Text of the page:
Improving diversity on the boards of large corporations must involve more than addressing a lack of female representation, says Melissa Scully, a director of corporate governance at Deloitte.
In her role at Deloitte, Scully advises the private and public sectors on board effectiveness and corporate governance.
"Improving diversity is not just about increasing gender balance on boards. The ultimate outcome of a well-balanced board is a group that brings a variety of perspectives and exhibits diversity of thinking," she told the Irish Independent.
This will require "going beyond gender to consider other demographic characteristics such as race, age and socioeconomic background, as well as cognitive diversity such as educational background and functional experience," she said.
Scully says these are areas that boards also lack diversity in, "not just here in Ireland, and more needs to be done to increase the pace of change".
Unsurprisingly, the vast majority of directorships on publicly listed companies here are held by men.
Of the 339 directorship roles at Irish PLCs last year, 263 were held by men compared to 76 held by women.
Board members are overwhelmingly Irish, white and drawn from similar educational and professional backgrounds.
Irish companies have been slower to diversify at board level in comparison to other countries, Scully says.
"Although the benefits of gender balance are clear - better business outcomes and improved performance - we have been slow in Ireland to increase female representation on boards. The lower rate of progress is not because we do not have the talent, rather we have underutilised talent.
"There are a number of factors behind the low level of female representation, such as recruitment processes that don't promote diversity, the need for a cultural shift, and a small market with reliance on existing networks and contacts."
Nonetheless things are starting to move in the right direction, but "more needs to be done to increase momentum".
A common theme emphasised by the experts is the value of networking.
This includes attending formal events put on by the business community including the Institute of Directors, chambers of commerce or Ibec, as well as specific governance events and training.
Scully says networking is critical. "Going to those type of [formal] events to keep updated, understand key developments and to meet people is really important."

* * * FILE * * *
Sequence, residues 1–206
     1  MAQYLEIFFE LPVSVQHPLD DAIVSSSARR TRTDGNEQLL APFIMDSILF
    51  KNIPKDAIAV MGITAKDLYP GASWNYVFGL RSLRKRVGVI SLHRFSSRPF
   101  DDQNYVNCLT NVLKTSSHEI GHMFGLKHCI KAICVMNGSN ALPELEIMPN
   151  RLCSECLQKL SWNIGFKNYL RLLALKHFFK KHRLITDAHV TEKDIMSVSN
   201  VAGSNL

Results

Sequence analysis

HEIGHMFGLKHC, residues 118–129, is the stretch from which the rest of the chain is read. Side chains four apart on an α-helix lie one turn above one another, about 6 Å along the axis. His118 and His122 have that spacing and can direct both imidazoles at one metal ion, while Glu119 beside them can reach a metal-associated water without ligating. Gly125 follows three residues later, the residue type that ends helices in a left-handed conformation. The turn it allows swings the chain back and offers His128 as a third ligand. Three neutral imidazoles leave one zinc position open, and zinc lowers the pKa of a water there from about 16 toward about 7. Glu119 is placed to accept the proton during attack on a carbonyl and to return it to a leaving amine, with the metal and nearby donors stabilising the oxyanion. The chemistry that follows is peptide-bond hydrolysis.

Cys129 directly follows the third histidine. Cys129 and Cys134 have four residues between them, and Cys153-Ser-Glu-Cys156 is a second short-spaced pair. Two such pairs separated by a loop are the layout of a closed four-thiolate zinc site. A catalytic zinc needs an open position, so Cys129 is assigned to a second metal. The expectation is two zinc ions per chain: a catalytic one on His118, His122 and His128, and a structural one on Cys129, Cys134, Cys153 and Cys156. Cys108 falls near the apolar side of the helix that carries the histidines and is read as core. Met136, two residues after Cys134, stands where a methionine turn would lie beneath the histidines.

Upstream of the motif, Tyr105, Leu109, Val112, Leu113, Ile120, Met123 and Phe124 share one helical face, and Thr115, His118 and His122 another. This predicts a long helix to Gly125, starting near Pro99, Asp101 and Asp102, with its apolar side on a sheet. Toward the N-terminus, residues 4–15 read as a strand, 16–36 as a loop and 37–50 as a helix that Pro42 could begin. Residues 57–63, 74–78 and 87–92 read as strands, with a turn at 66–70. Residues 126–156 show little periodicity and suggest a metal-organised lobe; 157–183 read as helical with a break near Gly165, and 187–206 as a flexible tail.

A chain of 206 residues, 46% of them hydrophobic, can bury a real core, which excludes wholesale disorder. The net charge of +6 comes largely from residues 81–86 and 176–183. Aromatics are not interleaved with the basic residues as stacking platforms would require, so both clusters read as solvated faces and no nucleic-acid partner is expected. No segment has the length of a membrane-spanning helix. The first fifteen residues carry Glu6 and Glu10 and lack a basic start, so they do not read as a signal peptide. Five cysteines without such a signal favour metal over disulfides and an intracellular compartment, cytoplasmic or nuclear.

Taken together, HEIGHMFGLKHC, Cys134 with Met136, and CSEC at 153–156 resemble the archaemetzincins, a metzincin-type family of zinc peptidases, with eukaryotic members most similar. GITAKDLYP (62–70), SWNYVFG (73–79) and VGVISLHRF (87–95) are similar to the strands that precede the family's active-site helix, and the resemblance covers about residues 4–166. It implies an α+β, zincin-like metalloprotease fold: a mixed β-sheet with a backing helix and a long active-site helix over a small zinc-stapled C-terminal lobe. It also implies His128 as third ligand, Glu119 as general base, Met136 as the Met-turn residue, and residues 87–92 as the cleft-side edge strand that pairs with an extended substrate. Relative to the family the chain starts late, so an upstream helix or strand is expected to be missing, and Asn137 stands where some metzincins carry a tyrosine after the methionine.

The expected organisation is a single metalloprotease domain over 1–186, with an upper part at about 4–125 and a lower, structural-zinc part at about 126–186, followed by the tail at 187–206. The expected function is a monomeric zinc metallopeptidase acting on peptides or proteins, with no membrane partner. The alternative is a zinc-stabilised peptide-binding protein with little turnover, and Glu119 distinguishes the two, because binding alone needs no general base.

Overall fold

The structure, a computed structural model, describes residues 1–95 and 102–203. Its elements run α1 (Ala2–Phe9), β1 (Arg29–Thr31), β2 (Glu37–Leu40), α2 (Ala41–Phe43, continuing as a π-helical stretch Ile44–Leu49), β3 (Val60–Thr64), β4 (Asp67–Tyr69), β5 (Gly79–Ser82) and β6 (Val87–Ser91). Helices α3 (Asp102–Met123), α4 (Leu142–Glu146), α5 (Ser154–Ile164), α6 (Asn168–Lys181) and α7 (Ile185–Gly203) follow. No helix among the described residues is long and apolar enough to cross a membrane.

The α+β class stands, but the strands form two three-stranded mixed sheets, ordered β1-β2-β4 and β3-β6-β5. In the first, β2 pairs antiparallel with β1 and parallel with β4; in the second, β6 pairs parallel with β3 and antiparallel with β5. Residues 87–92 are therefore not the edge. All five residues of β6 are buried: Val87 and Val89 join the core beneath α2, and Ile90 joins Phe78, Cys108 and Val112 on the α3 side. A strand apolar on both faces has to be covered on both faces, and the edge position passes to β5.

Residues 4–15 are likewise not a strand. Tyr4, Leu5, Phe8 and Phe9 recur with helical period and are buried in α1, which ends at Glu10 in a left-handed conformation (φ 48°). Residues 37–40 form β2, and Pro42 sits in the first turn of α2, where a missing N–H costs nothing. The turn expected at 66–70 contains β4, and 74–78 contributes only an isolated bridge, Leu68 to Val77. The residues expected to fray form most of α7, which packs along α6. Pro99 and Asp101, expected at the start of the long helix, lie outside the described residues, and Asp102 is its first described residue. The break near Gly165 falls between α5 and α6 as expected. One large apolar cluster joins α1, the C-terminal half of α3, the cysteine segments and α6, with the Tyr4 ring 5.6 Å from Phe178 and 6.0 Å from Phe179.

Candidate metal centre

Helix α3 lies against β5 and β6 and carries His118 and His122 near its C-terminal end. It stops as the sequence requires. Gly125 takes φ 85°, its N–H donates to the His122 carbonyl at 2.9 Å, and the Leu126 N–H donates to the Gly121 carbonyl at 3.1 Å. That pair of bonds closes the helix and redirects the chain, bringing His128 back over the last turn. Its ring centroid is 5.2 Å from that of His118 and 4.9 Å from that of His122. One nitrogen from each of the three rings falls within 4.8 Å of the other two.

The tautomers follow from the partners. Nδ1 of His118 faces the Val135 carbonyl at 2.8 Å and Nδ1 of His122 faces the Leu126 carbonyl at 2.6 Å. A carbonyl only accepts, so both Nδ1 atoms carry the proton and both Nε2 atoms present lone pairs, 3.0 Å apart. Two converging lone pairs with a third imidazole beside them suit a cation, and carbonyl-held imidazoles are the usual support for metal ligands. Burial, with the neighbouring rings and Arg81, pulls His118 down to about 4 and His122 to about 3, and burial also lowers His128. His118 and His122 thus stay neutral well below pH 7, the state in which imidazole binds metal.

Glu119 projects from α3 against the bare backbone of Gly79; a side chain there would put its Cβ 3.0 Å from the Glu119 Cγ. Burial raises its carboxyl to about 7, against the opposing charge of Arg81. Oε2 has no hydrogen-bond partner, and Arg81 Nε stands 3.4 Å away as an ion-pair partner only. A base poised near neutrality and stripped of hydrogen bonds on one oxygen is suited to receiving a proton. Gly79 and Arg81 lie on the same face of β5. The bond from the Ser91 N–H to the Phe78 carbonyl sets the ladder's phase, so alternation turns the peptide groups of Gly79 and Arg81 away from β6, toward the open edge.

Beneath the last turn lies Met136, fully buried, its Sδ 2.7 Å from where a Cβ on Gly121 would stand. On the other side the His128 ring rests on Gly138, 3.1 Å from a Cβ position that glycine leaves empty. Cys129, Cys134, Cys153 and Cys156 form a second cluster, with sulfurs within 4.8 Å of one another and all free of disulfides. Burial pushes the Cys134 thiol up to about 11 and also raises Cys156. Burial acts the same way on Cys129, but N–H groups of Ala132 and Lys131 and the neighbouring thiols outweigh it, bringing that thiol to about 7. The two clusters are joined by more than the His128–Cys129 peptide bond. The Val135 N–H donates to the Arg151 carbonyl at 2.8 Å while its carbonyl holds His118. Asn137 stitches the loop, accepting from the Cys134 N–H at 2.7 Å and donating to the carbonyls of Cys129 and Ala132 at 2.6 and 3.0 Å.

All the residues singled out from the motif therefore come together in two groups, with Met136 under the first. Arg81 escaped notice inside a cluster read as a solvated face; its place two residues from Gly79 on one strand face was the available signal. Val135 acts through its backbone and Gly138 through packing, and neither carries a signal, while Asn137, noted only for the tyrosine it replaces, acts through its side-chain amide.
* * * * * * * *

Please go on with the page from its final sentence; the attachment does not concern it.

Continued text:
Not all networking pays off though. This can lead to frustration for those who put in the leg work and may come away with nothing to show at the end of it.
"The second piece is around informal networking, meeting with board members who can provide connections to other contacts, which can lead to opportunities," Scully says.
Female leaders at various stages of their career can benefit from this.
"Whether you are thinking about your first board role, or starting out at an early stage in your board career with a charity or public sector board position, and you want to move into the larger corporates, connecting with board members in that space is really important," Scully adds.
When it comes to increasing female participation at board level, she says lots of people talk about the benefits of gender balance, however "people need to move from talking the talk to walking the walk".
"There needs to be clear leadership from boards that diversity is important and we need to see that recognised in new female board appointments, as well as initiatives within organisations to develop female leaders."
There are a number of more structural and process pieces that also need to be looked at, according to Scully.
"For example, many companies have policies in place that mean executives or senior management can't serve on another organisation's board, which is a barrier," she says.
Another challenge stems from the recruitment process and what companies are looking for, as often the criteria they are considering is too restrictive. "It is common that [companies] want previous PLC experience, and also traditional skillsets, but they really need to be broadening the search pool because that will open the door to new and different candidates. This will bring not only gender diversity, but diversity of thinking."
While investors say they are keen to see more diversity on boards, this means bringing non-traditional skillsets to boards and individuals with less corporate board experience, which the same investors may then baulk at.
"While finance expertise and previous CEO experience are important for boards, they also need to look at different skills to reflect the evolving role of the board, such as technology, digital, HR and sustainability. Boards need to widen and deepen the search pool, because ultimately that will open the door to more candidates," she says.